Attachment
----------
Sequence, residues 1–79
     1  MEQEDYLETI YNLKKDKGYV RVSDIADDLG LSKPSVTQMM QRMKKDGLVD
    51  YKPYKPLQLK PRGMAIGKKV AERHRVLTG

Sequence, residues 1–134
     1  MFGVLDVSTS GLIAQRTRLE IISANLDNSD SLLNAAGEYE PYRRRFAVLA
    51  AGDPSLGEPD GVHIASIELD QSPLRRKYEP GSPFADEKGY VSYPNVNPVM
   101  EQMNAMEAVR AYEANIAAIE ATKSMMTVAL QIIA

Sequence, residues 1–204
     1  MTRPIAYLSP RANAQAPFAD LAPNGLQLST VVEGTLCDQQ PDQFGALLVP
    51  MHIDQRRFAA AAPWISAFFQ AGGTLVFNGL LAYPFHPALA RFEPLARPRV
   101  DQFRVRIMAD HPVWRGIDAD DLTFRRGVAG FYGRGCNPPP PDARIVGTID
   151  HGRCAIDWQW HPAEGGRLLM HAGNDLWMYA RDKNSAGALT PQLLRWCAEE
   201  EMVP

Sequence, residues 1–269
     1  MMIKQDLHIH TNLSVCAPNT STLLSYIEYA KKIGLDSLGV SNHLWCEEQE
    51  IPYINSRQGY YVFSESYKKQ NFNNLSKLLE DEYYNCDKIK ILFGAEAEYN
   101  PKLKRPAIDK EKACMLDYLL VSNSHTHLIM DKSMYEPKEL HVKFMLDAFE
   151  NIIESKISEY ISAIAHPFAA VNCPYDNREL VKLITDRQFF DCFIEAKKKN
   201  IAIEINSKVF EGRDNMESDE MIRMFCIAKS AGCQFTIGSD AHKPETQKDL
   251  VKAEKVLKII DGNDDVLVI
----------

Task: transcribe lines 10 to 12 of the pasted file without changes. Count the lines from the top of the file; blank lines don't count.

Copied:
    51  MHIDQRRFAA AAPWISAFFQ AGGTLVFNGL LAYPFHPALA RFEPLARPRV
   101  DQFRVRIMAD HPVWRGIDAD DLTFRRGVAG FYGRGCNPPP PDARIVGTID
   151  HGRCAIDWQW HPAEGGRLLM HAGNDLWMYA RDKNSAGALT PQLLRWCAEE